Downing St: US Contract Ban On BP ‘Excessive’

BP gets Government support in its bid to overturn a ban on securing new work in the US after the Gulf of Mexico disaster.

Deepwater Horizon in the Gulf of Mexico
The Deepwater Horizon accident in 2010 left 11 workers deal 

The Government has shown its support for BP in a legal dispute over a ban on the oil giant winning federal contracts in the US following the Gulf of Mexico disaster.

In a filing to a court considering BP’s attempt to lift the ban, the UK Government said the decision by the Environmental Protection Agency (EPA) to ban the firm from US government contracts “may have been excessive”.

Explaining the move, a Downing Street official told the Financial Times the firm was “vital to British jobs and pension funds”.

The blow-out of the Deepwater Horizon well off the Louisiana coast in 2010 claimed 11 lives and the resulting oil spill damaged fishing and tourism as well as marine and wildlife habitats, forcing the company to sign a multi-billion dollar compensation deal.

As well as costing the firm $42.5bn (£26bn) BP was hit by the ban on new US government work in November last year because of the way it handled the disaster. The Downing Street official told the newspaper: “This is a straightforward economic argument.

“BP is vital to British jobs and pension funds: Britain’s businesses need certainty to operate and invest.”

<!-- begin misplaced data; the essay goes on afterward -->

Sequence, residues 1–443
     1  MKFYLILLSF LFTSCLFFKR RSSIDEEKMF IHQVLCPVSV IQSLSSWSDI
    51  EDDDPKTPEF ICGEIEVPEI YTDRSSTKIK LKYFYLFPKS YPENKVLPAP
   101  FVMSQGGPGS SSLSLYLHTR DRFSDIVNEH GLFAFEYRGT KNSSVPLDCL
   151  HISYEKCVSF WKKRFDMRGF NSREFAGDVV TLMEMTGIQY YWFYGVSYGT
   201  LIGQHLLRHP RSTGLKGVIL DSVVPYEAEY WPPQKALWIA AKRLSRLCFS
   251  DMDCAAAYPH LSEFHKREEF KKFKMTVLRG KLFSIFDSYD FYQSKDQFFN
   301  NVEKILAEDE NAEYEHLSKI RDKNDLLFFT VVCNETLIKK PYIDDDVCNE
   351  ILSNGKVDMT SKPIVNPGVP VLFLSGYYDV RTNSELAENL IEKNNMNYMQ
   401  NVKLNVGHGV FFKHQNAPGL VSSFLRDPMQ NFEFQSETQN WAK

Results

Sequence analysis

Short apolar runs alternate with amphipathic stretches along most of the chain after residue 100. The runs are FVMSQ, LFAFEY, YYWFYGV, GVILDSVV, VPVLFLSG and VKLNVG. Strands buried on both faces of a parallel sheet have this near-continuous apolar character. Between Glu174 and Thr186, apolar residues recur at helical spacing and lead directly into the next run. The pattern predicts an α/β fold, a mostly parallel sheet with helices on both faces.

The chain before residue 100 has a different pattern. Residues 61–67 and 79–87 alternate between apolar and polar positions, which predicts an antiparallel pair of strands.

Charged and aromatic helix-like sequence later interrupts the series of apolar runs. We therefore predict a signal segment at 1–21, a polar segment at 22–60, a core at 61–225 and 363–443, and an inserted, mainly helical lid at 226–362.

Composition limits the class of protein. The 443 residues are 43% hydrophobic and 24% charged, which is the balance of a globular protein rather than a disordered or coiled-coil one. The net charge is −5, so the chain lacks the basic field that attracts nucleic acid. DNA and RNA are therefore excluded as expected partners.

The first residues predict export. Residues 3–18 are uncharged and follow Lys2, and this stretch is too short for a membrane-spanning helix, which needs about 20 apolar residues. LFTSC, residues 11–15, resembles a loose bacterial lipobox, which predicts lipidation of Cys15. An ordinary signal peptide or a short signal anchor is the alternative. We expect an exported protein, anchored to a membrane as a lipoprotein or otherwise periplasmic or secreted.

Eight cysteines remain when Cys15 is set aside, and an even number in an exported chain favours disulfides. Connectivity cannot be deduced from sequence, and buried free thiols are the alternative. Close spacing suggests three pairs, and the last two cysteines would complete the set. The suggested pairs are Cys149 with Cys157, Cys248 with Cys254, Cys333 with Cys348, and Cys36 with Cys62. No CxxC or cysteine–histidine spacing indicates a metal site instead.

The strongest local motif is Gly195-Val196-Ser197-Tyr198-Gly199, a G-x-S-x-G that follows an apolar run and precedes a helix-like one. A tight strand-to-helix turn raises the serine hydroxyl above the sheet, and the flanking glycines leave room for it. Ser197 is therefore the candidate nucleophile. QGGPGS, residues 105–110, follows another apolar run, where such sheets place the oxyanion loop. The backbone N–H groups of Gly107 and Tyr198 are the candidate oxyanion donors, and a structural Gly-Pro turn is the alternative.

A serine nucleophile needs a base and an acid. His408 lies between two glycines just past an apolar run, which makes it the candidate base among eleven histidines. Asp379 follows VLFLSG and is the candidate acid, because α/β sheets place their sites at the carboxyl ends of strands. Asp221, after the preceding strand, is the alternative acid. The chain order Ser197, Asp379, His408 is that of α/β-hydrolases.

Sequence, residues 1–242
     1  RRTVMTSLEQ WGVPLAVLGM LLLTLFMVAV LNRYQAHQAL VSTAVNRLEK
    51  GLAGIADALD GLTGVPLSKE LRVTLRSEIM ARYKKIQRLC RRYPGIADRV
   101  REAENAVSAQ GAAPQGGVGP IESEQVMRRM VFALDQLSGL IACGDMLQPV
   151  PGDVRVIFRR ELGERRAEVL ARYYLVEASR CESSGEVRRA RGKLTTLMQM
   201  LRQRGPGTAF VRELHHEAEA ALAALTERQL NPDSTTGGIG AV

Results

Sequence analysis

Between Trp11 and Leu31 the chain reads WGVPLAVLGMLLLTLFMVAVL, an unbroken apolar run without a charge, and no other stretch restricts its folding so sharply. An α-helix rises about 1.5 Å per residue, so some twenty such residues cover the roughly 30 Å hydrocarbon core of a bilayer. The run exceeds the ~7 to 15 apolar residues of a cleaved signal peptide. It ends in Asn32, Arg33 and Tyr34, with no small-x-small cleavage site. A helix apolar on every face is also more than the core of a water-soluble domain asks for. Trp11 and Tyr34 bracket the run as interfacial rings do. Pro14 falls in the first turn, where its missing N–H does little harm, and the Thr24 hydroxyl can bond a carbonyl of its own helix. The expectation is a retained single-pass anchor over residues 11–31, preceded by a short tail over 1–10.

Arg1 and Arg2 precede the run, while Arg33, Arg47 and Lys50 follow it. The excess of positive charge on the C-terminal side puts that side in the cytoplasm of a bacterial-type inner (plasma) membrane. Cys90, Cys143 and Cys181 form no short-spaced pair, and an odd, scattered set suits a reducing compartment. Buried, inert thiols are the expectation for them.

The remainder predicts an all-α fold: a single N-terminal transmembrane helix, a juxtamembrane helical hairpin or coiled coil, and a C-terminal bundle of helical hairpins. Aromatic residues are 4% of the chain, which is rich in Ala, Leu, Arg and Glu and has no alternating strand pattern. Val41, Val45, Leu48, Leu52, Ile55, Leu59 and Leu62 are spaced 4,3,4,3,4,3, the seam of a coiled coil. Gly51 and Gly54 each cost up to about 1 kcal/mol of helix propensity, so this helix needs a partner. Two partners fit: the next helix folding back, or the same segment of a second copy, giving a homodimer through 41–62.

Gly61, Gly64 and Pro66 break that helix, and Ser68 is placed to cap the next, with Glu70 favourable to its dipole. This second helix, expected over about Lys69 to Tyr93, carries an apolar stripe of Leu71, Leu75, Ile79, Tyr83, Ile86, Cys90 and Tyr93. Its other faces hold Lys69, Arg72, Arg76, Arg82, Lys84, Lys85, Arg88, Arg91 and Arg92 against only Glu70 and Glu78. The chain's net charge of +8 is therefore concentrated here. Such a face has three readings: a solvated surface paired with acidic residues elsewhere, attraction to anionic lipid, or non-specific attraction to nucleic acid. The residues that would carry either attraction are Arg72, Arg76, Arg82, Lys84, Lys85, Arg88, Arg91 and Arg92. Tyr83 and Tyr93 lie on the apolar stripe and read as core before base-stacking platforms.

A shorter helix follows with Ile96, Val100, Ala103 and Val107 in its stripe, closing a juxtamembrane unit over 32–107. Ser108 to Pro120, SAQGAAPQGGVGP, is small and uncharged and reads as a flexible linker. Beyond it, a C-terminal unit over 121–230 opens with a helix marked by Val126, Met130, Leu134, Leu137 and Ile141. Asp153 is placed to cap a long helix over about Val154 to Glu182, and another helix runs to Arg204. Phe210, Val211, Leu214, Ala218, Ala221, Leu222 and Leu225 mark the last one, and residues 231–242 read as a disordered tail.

The source said the Government recognised the seriousness of the Gulf of Mexico oil spill, “but it is important that where companies take responsibility, as BP has, they are treated fairly under the law.”

In August BP sued the US government over the EPA’s move, calling on the US District Court for the southern district of Texas to declare the decision null, void and unenforceable.

The Financial Times reported that the Government has filed an “amicus brief”, meaning it is not a party to the case but is showing support for BP, telling the court the EPA’s move “may have been excessive”, especially the decision to suspend multiple BP entities including some that were not implicated in the accident.

“By creating a process under which any corporate affiliate anywhere in the world can be suspended from transacting business with the government regardless of culpability, EPA risks creating a powerful disincentive to co-operation in times of crisis,” it said.

In a separate case, US court on Tuesday suspended payments to American businesses who claimed they suffered damages as a result of the oil leak in the Gulf. BP argued it has paid out more than $500m (£305m) to companies who have not suffered any harm or direct losses due to the disaster.



Source ; Sky news

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